Labor Day is almost here — and the end of pool season.
While swimming in the pool or lounging nearby are popular summer activities, the coronavirus pandemic has put a damper on swimsuit season, unless you have a private pool or know someone who does.
Fairfax County didn’t allow public indoor and outdoor swimming pools to reopen until mid-June only for lap swimming, diving, exercise and instruction.
Then when Phase 3 guidelines went into effect on July 1, public pools could allow up to 75% occupancy with 10 feet of physical distance between users who are not from the same household. Public hot tubs, spas, saunas and spray pools are still closed though.
“This guidance applies to all community pools, including those operated by apartment and condominium complexes, recreation centers, homeowner’s associations and swim clubs,” according to Fairfax County’s website.
The Centers for Disease Control and Prevention say they don’t have evidence that the novel coronavirus can be spread in the water.
“Plus, proper operation of public pools, hot tubs, and water playgrounds (such as at an apartment complex or owned by a community) and disinfection of the water (with chlorine or bromine) should inactivate the virus,” according to the CDC.
When we asked readers in June how they felt about using public pools, roughly 40% said they wouldn’t because of COVID-19 concerns, while 36% said they would.
With Labor Day soon marking the unofficial end to summer, we want to know if you have been to the pool. Let us know in the poll below and feel free to share your thoughts in the comments.
Photo by Toni Cuenca/Unsplash
Laura Schwartz is a licensed Realtor in VA, D.C. and MD with McEnearney Associates in McLean. Reach the office at 703-790-9090.
I have heard from so many clients and friends that would have otherwise drew a hard no in the sand about having a pool in their backyard, that the pandemic has changed their opinion on that.
Many are now considering either installing a pool or moving to a home that has a pool existing. I don’t blame them — with the run on blow up pools from Amazon and Target, you’d think we’d have a shortage on water now, not toilet paper!
If you’re thinking of building a pool, here are some basic concepts to think about:
Town of Vienna
- Don’t forget that 25% lot coverage which applies to the deck of the pool, HOWEVER, coping/surrounding walkways of under 5 ft from the edge of the pool will not be counted towards the lot coverage
- Pools must be at least 10 ft from any side or rear lot line, and is measured from the edge of the actual pool; also must be at least 20 ft from any alley line
- Can only be in the rear yard
- A permit is required through the Town
Fairfax County: Vienna and McLean
- Require a building permit, plumbing permit and electrical permit
- Pool can be in rear or side yards, and lots that are over 36,000 sq. ft. can even have the pool in the front yard
- Mechanical pool equipment must be contained within 10 ft of width, and at least 5 ft from any lot line
- If you have well and septic, you’ll need at least 20′ from them for the pool
What do you think about having a pool now? With these blistering heat days, coupled with 45 minute times slots at the public pools, would you consider installing a pool now?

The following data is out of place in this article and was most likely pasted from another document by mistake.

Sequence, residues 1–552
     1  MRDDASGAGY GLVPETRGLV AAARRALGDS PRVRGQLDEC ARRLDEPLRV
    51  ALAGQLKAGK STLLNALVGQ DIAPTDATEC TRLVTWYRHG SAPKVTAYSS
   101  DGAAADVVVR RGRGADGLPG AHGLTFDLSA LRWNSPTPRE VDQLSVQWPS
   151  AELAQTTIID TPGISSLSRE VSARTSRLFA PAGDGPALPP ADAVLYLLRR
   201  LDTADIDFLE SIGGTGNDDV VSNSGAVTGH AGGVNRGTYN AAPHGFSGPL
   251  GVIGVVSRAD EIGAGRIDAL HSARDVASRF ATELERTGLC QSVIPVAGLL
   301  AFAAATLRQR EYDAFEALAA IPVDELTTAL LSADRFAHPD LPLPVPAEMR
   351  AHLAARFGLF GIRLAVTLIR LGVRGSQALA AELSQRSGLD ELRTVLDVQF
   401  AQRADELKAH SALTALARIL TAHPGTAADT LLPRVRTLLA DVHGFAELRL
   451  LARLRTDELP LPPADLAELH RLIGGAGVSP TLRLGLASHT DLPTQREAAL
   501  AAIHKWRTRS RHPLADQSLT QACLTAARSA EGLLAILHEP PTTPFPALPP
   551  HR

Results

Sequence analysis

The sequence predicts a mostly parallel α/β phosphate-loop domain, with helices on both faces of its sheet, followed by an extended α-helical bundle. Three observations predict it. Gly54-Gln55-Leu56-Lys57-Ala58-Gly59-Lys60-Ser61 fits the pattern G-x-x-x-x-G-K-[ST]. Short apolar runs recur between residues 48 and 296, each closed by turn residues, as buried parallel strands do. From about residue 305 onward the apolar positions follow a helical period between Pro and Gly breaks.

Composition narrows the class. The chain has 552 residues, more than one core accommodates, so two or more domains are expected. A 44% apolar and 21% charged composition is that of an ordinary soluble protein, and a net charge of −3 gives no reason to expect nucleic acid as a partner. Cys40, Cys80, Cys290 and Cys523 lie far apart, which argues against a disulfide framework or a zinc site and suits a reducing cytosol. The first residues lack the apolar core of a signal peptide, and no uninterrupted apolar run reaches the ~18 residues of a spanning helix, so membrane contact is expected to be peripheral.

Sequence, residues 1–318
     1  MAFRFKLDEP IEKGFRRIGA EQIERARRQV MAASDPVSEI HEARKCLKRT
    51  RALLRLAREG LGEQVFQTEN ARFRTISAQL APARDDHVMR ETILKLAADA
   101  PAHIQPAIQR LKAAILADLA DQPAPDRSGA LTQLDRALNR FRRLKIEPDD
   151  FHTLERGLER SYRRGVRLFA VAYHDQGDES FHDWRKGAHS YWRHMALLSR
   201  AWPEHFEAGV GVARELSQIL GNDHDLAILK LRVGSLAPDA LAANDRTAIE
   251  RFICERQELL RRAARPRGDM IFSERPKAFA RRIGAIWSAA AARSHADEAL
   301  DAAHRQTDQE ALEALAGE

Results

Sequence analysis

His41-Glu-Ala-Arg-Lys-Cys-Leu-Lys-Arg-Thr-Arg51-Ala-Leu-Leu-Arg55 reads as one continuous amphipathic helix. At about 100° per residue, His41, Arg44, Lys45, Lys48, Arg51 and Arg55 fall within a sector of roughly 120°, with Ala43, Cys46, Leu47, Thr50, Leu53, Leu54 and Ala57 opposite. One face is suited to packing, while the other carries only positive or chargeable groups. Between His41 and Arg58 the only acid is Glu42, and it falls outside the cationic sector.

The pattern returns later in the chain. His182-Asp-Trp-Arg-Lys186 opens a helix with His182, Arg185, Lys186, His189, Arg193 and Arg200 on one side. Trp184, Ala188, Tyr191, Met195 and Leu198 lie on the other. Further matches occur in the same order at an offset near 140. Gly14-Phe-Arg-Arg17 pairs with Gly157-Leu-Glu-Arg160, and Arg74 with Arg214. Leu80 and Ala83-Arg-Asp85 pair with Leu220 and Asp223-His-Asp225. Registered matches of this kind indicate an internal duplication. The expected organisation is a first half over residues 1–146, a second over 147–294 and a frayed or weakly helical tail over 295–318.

Now, the age old question of resale value.
Most people think if you have a pool, it’s a deal breaker for many people. I think maybe that’s true, but you’ll also find a group of buyers who want the pool. And honestly, if the pool is old and needs work, it might be cheaper to just fill it in than deal with upkeep. I’ve told clients before, you build a pool to enjoy it, not to sell the house. It’s not like a kitchen renovation where you’re adding value. Someone else will come in and love the pool too.
Updated 6/22/2020 — Corrects the date for when the swimming pools reopened.
Now that Northern Virginia has entered the second reopening phase, Fairfax County is now allowing public swimming with some restrictions.
The county allowed indoor and outdoor swimming pools to open on Friday, June 12, only for lap swimming, diving, exercise and instruction.
Public pools, including ones in communities, cannot open right now for recreational use. Currently, hot tubs, spas, saunas, splash pads, spray pools and interactive features are still closed.
People who operate public aquatic venues can find a list of safety recommendations from the Centers for Disease Control and Prevention (CDC). Some of the suggestions include disinfecting frequently touched areas, ensuring there’s proper ventilation and encouraging swimmers to social distance.
“There is no evidence that the virus that causes COVID-19 can be spread to people through the water in pools, hot tubs, or water playgrounds. Additionally, proper operation of these aquatic venues and disinfection of the water (with chlorine or bromine) should inactivate the virus,” according to the CDC.
The CDC notes that decisions for whether or how to open the facilities “should be made locally” with input from local health officials.
Fairfax County’s restrictions on public swimming include:
- limiting pool lanes to three people spaced 10 feet apart
- limiting diving areas to three people spaced 10 feet apart
- limiting water classes so participants can stay 10 feet apart
- cleaning and disinfecting shared equipment after each use
How do you feel about using public pools?
Photo by Marcus Ng on Unsplash